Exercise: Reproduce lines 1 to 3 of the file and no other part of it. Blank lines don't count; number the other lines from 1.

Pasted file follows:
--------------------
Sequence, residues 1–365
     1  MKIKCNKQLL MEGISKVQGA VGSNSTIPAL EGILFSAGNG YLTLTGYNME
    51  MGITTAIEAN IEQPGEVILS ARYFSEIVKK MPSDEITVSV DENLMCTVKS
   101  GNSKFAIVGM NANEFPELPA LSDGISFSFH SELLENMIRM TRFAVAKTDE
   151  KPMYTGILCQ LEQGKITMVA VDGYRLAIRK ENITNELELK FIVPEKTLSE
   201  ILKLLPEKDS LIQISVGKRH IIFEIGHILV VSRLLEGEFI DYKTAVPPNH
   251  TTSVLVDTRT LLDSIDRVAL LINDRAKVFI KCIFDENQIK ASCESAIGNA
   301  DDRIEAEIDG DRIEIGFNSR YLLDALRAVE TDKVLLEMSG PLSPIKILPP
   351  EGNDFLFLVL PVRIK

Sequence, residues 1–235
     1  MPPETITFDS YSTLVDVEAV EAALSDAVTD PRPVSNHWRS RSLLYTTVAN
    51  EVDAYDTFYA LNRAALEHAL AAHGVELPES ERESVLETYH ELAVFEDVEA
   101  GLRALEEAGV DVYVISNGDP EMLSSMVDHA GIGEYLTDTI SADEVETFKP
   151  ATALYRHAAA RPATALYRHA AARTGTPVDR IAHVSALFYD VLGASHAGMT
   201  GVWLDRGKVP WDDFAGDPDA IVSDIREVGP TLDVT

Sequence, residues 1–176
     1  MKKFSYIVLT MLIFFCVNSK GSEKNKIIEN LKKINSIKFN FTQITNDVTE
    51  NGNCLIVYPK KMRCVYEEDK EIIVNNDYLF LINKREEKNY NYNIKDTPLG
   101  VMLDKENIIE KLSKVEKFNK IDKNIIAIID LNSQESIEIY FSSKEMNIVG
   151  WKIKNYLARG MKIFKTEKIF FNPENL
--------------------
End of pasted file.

Sequence, residues 1–365
     1  MKIKCNKQLL MEGISKVQGA VGSNSTIPAL EGILFSAGNG YLTLTGYNME
    51  MGITTAIEAN IEQPGEVILS ARYFSEIVKK MPSDEITVSV DENLMCTVKS